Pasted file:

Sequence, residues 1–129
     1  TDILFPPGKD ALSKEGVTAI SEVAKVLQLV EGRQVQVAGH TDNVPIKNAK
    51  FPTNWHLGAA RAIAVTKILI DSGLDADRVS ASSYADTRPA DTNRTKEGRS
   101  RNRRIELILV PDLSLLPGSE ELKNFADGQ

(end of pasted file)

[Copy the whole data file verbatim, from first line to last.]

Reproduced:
Sequence, residues 1–129
     1  TDILFPPGKD ALSKEGVTAI SEVAKVLQLV EGRQVQVAGH TDNVPIKNAK
    51  FPTNWHLGAA RAIAVTKILI DSGLDADRVS ASSYADTRPA DTNRTKEGRS
   101  RNRRIELILV PDLSLLPGSE ELKNFADGQ